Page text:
Sub operations are routinely highly classified, so I would not expect to hear about this if it were happening. If they find something we might hear about it, or instead "laundered" cueing information might get passed to the official search teams.

  • by mspohr (589790) on Saturday April 05, 2014 @01:02PM (#46670505)

    Most of the costs listed in the article are for aircraft and ships of the military and coast guard of several countries. It does cost a lot to build and man these ships but these costs are already budgeted and incurred. Much better to have these assets doing something useful like respond to an actual emergency than sit around idle or go on training missions or "good will tours" to show the flag.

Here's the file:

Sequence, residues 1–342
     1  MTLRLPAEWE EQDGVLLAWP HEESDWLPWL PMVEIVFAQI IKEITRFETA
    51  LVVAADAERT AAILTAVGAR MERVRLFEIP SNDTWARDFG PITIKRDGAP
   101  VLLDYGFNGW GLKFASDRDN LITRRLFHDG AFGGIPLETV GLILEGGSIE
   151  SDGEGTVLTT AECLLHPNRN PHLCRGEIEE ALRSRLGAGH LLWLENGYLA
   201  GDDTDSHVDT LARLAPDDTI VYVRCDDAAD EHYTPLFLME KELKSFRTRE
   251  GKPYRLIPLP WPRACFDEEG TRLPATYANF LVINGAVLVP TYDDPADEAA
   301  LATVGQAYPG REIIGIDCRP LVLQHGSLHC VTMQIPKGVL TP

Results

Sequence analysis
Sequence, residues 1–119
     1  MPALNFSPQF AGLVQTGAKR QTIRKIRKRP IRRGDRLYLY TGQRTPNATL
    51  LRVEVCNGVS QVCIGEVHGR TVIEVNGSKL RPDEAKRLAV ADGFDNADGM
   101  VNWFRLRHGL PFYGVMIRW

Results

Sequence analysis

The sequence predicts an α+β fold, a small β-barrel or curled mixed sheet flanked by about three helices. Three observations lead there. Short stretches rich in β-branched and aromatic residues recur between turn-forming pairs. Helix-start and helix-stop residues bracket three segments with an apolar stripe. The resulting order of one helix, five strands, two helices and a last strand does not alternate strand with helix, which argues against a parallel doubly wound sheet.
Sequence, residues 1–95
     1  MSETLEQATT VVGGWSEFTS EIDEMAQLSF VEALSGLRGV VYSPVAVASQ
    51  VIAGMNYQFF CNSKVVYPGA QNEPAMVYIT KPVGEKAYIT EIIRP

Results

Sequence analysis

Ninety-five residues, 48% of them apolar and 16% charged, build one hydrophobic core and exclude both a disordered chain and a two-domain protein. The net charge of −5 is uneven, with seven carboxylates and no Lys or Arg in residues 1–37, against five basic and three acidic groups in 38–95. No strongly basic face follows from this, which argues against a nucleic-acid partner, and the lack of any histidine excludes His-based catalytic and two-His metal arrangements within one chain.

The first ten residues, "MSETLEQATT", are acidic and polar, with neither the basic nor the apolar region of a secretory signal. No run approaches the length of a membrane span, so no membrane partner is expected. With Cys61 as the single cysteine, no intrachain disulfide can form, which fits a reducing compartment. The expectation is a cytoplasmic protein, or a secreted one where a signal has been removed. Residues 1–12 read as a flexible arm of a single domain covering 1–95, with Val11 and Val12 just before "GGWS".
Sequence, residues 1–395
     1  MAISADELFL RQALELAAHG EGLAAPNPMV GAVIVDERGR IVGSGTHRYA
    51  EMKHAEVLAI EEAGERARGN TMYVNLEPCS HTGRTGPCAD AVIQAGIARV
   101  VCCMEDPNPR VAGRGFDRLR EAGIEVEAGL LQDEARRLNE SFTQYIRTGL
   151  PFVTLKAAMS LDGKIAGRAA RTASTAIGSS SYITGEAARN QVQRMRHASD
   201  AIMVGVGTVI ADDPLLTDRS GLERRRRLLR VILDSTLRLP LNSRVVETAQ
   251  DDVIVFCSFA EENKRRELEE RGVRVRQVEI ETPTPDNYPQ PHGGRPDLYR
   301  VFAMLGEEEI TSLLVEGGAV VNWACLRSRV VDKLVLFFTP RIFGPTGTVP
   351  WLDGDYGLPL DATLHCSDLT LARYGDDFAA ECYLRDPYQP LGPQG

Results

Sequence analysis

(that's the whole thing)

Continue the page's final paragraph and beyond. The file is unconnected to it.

I imagine the only extra cost attributable to this search is a bit more fuel.